This tool has a cast aluminum blade, but it is serrated on one side like I wanted. It also has a hand guard at the top of the blade to push on. I don't see that there's much in the way of a comfortable hand hold, but the handle is at least plastic and the tip of it is orange.

I'm not sure about that split tip. I'm not really sure what that would do. Rather than a fully curved blade like both of my soil knives have, it has a curved channel in the middle and straight edges. That's neither a positive or a negative in my book, just different.

The best thing going for this one is the price. It's just $8.99, meaning that if you lost it, it's not a huge heartbreak to buy another. Or you could buy a couple for different places (i.e., I might keep one on my car for when I run out to the community garden).



This tool has a stainless steel blade, with serrated and straight sides like I wanted. Those serrations look serious and there is a probably a good chance I could cut my finger off with this one. Imagine that tetanus shot. There are inch marks on the inside of the blade as well, but I'll be honest, I almost never measure anything in the garden.

It also has a bright orange handle with a bit of a flare as it meets the blade so that's kind of a guard. It has a thumb rest too, although until I actually got it in my hand, I'm not sure if I'd use that or not. Although the handle has some shape to it, it looks to be made of a hard plastic, whereas the Fiskar's one was "soft touch" so I presume there would be some give to it that might help with hand fatigue.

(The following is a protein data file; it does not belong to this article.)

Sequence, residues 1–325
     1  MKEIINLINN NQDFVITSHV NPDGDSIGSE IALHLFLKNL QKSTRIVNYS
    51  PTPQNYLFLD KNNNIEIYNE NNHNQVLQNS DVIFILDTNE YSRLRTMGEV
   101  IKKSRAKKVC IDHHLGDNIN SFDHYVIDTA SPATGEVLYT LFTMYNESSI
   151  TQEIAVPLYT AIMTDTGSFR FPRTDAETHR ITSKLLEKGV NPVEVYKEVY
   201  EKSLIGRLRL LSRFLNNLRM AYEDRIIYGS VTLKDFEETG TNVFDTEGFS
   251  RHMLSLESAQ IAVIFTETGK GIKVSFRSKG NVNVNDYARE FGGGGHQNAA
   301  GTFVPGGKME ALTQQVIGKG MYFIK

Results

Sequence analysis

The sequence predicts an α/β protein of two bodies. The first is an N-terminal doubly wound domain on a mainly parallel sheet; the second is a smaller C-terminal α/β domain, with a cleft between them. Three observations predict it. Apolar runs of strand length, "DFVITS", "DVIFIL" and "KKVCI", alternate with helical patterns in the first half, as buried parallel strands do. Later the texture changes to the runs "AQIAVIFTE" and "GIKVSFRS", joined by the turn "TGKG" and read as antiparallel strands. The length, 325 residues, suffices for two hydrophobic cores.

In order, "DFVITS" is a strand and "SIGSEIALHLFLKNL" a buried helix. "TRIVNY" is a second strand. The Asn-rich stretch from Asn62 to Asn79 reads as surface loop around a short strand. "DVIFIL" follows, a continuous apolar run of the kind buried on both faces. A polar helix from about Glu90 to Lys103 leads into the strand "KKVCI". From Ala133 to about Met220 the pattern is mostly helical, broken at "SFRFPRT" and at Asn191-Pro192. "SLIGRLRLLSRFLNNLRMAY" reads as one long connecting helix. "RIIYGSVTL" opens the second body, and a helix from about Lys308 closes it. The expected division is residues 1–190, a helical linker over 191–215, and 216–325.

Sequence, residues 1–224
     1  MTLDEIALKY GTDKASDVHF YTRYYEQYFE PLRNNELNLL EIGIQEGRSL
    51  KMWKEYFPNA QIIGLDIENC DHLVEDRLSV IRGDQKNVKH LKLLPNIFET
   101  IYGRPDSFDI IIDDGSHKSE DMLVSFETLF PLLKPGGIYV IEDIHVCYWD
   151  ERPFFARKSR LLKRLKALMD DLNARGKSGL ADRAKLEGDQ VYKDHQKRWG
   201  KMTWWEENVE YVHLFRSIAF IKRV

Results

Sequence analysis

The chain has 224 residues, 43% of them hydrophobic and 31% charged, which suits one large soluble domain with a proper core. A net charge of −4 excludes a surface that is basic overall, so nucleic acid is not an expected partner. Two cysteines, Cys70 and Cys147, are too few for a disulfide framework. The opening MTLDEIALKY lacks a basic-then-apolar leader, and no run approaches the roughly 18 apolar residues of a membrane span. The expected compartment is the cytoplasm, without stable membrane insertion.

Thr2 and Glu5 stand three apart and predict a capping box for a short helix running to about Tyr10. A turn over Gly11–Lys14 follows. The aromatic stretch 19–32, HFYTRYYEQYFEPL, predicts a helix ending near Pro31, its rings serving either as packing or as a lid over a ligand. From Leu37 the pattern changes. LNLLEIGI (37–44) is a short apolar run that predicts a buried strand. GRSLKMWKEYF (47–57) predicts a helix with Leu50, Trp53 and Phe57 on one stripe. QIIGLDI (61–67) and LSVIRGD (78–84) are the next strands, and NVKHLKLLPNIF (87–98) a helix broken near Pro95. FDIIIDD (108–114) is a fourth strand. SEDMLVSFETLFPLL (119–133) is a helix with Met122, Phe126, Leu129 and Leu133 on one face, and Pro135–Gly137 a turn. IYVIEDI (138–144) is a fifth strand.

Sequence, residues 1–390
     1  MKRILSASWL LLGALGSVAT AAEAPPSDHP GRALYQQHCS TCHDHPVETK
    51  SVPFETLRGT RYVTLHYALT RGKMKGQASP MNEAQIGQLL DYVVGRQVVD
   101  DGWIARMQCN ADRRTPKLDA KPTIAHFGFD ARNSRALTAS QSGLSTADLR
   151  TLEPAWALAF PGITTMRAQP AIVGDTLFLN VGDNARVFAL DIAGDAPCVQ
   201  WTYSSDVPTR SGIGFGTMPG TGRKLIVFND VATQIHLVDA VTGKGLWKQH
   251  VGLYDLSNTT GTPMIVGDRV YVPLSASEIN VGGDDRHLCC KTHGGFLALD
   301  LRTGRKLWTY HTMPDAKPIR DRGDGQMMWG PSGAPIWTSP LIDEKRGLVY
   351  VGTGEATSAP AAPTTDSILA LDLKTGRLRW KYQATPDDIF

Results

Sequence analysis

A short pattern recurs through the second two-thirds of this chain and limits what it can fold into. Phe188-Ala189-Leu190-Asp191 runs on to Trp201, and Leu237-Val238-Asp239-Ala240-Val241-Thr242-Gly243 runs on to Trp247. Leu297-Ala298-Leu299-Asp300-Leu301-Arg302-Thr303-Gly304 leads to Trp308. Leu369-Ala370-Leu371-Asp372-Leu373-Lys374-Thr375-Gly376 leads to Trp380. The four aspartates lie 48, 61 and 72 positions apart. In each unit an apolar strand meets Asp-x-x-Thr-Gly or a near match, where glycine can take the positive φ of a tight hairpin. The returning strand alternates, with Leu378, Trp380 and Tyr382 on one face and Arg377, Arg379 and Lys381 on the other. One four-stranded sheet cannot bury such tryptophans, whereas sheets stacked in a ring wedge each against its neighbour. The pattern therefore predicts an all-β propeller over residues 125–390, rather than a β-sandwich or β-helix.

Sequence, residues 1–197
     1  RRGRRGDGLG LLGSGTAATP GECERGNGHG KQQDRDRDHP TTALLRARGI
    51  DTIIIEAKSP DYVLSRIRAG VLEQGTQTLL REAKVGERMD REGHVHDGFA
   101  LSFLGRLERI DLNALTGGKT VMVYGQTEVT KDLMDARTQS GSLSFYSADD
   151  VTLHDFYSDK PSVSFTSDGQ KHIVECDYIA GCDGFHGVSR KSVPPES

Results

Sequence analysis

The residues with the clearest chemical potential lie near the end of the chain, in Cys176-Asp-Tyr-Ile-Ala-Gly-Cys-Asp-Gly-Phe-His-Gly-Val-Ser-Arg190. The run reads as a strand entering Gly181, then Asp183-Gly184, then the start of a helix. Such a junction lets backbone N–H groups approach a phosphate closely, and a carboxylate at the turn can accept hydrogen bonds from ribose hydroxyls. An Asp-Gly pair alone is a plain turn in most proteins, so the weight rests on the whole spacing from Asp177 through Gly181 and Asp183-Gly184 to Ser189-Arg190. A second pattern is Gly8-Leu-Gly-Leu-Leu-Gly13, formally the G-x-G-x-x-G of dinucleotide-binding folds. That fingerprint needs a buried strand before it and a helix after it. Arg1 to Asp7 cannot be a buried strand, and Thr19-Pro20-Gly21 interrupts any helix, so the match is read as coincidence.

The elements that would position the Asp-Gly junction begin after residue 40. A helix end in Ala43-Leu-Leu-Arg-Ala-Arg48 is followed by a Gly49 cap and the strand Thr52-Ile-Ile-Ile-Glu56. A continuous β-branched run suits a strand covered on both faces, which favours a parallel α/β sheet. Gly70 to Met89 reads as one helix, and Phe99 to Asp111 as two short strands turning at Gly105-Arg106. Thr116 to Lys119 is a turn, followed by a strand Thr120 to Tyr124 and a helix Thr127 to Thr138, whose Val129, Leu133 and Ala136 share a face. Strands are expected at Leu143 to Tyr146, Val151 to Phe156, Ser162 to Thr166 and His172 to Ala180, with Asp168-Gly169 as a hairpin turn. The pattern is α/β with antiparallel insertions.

The little notch is for cutting twine, which I can see being useful, although really it's not that big of a deal to cut twine with the blade either.

This one is $21.99 plus shipping (since I don't think you can pick it up in most stores or on Amazon Prime). 

Want to guess which one I bought? 

Yep, it's the A.M. Leonard one. The reviews for it are stellar, but what really sold me was the stainless steel blade. I haven't received it yet, but I'm looking forward to getting my hands on it.

I'll do a review of it compared to my other soil knives in a few months after I've had a chance to put it through its paces.

What's your go-to gardening tool?

If you're looking for reviews on the traditional hori hori, Fiskar's Big Grip Knife and the Professional Gardener's Digging Tool, check out North Coast Gardening where Genevieve, who is a professional landscaper, has reviewed all three.

11 comments :

  1. I use a hori hori like the first one. However, I have been concerned that I might break off the tip if I'm not careful, because the blade is so thin. And I do lose it from time to time if I don't pay attention. The last knife looks pretty promising. Please let us know how it works out once you put it into action. Thanks!